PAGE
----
On occasion a parent will approach me with the notion that our school is only for the exceptionally gifted. They are concerned that the only way for students to succeed at our school is with a Newtonian intellect or a Faustian bargain. Neither is true.
One of the most inspirational students I’ve met in my seven years at Ambrose is Ana. If you haven’t met Ana, you need to: Ana is from rural Mexico, and she transferred into our school mid-year of her sophomore year. She learned of The Ambrose School through her aunt and uncle, and her cousins who attend school here. In her hometown in Mexico, Ana’s secondary education was limited to vocational training, and her family wanted more for her.
When Ana transferred to Ambrose, her English was really good for someone working in their second language, but it wasn’t at the level of a native English speaker. In her own words, “Thucydides was the first book I read here. It was really tough!” What Ana didn’t know at the time is that Thucydides is a really tough read for a native English speaker – how tough he must be for someone reading him in a second language!
Yet Ana is flourishing in every way. Through hard work and a never-quit attitude – by her own report Ana studies 2 to 3 hours each night – Ana has a gpa far north of 3.0. Her English fluency has grown by leaps and bounds.
While I know Ana has worked incredibly hard to engage with Aristotle in her second language, that hasn’t stopped her from maintaining balance in her life. Ana is a very talented and dedicated tennis player, investing about 12 hours a week in practice and tournaments. She also plays on The Ambrose School varsity basketball team this season, and her enthusiasm and determination on the court have earned her the loving nickname “El Tornado” from her teammates.
Despite all this, Ana’s academics and balance are not the things I find most remarkable about her. What I find most amazing is how Ana has embraced our community. The nature of a K-12 school like ours can sometimes make it difficult for students to integrate; many of our students have known each other for 10 years or more by the time they graduate. Add to that the mid-year transfer and the obvious language barrier, and Ana had every excuse to remain on the fringe.
I was worried.
I’ve never been more wrong.
Ana immediately invested herself in the community, attending House every chance she could, going to sporting events and group study sessions, and making friends quickly with her characteristic joy and easy smile.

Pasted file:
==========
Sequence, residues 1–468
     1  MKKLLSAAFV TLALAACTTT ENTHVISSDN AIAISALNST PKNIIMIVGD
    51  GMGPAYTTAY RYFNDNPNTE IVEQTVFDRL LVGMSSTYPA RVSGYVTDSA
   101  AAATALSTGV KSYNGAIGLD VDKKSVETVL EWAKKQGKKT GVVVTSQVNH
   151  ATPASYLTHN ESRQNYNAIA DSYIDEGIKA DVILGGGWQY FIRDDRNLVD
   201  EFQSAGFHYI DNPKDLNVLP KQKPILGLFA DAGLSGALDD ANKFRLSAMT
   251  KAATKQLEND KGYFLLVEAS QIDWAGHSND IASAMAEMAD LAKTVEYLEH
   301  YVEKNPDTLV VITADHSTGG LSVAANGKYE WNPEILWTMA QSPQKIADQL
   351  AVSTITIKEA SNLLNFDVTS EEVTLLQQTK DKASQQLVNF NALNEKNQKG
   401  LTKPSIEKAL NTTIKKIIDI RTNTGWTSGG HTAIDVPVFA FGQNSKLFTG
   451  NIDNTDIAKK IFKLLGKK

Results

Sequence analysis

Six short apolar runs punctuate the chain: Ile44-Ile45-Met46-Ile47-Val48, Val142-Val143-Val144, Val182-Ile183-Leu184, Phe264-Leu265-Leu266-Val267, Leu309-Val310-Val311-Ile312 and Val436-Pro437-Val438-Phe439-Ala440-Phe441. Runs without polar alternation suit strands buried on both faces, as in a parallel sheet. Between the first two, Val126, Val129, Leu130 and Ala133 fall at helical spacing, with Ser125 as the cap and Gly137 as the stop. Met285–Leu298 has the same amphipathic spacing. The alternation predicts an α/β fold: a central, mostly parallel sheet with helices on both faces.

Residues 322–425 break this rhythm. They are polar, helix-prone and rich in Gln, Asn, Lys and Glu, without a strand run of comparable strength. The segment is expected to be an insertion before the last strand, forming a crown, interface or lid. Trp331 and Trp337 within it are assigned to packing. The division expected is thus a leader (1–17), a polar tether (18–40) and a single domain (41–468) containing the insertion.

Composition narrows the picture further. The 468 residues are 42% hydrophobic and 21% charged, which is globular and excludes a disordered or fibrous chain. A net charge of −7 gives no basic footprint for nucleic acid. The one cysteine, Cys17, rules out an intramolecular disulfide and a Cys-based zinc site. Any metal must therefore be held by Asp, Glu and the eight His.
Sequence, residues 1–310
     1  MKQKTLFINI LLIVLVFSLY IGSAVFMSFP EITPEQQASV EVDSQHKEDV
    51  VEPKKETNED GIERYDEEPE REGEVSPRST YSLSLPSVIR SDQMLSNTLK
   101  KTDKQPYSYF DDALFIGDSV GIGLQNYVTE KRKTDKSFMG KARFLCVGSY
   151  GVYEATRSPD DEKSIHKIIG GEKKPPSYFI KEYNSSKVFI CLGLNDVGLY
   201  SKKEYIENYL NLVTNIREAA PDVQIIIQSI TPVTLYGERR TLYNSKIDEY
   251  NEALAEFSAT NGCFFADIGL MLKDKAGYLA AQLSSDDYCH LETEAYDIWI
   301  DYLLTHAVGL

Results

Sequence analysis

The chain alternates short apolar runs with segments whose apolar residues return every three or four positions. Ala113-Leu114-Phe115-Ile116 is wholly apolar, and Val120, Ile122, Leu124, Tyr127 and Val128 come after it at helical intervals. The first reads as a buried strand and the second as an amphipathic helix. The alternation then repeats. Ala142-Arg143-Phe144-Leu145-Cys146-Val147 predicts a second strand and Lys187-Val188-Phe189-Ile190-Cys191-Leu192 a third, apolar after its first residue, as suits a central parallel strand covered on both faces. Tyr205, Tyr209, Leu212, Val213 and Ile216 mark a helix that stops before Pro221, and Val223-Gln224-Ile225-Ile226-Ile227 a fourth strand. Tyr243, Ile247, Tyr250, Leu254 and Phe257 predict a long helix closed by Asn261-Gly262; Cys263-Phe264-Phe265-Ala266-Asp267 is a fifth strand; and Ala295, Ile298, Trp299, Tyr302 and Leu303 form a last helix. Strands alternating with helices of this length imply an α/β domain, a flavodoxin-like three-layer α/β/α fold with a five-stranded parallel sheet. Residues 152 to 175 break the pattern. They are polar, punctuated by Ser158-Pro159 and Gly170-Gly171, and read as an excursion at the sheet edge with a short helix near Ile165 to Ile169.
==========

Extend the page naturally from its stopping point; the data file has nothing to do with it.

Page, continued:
Our community also invested in Ana. Her homeroom teacher made sure a welcome basket was ready for her on Ana’s first day of school. Students wrote her letters and emails before she even made it to the States. There were movie invites, letters of encouragement, and friendly smiles. Lots of smiles. Ask her, and she’ll tell you: “My favorite thing at Ambrose is the community. I love how the House program brings us all together. If you walk down the hallways, everyone knows your name and says ‘hi’ to you. I love that!”
Ana is now a pillar in our student body, so much so that I can’t imagine our school community without her.
Paul, writing in 1 Corinthians 4:7, wrote this: “[W]e have this treasure in earthen vessels, that the excellence of the power may be of God and not of us.” Paul was writing of his own circumstances and how the life of Christ was made manifest in his own trials, but the same principle applies to us. So often we fall into the trap of honoring the wrong things: when we get that promotion at work, we honor our own hard work instead of honoring God; similarly, when our students have success in the classroom, volleyball courts, or in their friend groups, we honor the gifts instead of the Gift-giver.
The excellence of all we do is from God and not from us. It took a teenage girl from Mexico coming to our school mid-year to study Thucydides and Chemistry in her second language to remind me of that fact. For that, I am immensely grateful.